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Flowers bloom, cattle thrive in rotational grazing system

DOLLAR SIGNS: When Lance Vilhauer, seen here checking some of his Sim-Angus cow-calf pairs, first made his plans for a rotational grazing system, he admits plant health wasn’t his top priority.
SLIDESHOW: Weaning weight, livestock health and grass quality have all improved with a rotational system.

By Janelle Atyeo

Lance Vilhauer jokes that he’ll take up floristry if his cattle business doesn’t work. This year, his pastures were bursting with wildflowers that colored the green slopes with pops of pink, yellow, purple and white.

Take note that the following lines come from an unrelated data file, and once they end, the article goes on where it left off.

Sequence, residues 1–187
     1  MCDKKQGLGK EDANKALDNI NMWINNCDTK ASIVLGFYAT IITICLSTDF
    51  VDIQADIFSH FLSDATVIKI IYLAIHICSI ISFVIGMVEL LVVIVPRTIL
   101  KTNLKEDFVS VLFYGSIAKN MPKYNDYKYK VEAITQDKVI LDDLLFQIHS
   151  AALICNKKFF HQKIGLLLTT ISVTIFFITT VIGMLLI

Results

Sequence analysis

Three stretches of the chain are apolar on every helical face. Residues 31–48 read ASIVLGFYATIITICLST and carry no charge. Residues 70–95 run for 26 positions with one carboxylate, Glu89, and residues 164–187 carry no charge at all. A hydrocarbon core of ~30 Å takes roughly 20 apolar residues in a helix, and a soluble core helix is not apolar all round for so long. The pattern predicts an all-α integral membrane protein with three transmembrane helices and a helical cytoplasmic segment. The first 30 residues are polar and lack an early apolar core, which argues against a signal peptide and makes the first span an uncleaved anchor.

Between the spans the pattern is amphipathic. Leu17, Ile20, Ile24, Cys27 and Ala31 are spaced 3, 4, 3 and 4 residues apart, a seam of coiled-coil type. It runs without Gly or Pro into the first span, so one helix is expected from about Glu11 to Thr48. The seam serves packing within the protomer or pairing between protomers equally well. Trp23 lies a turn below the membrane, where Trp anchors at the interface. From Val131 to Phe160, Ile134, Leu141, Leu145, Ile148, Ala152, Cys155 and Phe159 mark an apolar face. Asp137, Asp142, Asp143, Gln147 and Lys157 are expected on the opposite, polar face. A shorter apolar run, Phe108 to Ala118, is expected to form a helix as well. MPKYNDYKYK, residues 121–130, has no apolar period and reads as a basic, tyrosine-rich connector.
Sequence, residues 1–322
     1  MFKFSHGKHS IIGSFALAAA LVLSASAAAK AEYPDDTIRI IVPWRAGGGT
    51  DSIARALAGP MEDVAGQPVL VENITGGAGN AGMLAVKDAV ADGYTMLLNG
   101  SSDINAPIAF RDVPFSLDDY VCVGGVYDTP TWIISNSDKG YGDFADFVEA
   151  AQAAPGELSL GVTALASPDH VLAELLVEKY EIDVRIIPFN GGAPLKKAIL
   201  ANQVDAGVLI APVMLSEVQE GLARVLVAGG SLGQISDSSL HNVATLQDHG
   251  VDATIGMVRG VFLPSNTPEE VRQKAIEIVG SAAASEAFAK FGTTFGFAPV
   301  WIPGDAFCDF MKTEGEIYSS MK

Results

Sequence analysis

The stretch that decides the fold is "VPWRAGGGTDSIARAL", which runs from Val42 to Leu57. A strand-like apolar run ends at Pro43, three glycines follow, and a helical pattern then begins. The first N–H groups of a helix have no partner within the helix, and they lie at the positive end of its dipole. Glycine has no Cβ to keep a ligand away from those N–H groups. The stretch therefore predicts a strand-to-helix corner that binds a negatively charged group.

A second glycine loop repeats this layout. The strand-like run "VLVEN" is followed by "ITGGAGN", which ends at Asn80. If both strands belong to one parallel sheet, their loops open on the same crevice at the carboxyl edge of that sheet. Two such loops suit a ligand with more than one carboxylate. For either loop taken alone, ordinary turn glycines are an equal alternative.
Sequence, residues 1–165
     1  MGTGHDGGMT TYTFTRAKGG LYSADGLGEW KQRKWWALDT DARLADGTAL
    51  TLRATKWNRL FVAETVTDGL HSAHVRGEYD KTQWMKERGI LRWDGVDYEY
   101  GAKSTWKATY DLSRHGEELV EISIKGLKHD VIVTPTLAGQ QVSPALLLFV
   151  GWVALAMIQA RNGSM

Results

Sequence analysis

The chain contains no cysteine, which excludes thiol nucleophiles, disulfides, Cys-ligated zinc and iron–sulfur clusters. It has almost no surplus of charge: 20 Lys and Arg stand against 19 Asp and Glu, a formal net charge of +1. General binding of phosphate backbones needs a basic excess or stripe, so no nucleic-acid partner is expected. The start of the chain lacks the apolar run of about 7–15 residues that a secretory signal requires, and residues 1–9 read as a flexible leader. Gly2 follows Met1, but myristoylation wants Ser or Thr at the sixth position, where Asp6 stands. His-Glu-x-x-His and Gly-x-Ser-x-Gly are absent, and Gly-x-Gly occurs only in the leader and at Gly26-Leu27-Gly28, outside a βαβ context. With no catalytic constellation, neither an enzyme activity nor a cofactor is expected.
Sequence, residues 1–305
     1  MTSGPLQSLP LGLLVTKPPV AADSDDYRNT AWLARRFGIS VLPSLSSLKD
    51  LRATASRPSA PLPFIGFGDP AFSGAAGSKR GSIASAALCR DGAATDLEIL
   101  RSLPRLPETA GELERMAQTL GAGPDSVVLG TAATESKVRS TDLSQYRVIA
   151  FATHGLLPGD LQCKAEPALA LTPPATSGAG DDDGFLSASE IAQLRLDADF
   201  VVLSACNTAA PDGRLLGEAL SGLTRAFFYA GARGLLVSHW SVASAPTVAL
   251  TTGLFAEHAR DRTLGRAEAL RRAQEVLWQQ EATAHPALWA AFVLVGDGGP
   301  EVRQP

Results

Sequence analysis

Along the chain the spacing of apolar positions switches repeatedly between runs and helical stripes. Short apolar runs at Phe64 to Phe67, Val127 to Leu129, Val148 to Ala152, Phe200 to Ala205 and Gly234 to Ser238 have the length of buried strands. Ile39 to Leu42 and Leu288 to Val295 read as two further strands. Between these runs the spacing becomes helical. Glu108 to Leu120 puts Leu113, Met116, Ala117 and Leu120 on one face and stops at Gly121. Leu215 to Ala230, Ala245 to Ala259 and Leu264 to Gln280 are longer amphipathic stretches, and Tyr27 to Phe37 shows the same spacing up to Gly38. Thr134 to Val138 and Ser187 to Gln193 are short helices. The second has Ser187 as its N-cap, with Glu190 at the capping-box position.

Vilhauer, Aberdeen, S.D., is surprised by the number of different grasses and wildflowers that have shown up since he converted from a season-long grazing system to a twice-over rotational grazing system. He rotates his cow-calf pairs between four pastures and lets the land rest and regenerate between grazing. The presence of wildflowers is a sign of much improved soil and rangeland health.

The new grazing system made a difference in his cattle, too, Vilhauser says. Cows are milking better, calves are healthier and weaning weights have never been higher.

Click through the slideshow for more about Vilhauer’s grazing system.

Atyeo is a writer for the South Dakota Natural Resources Conservation Service.

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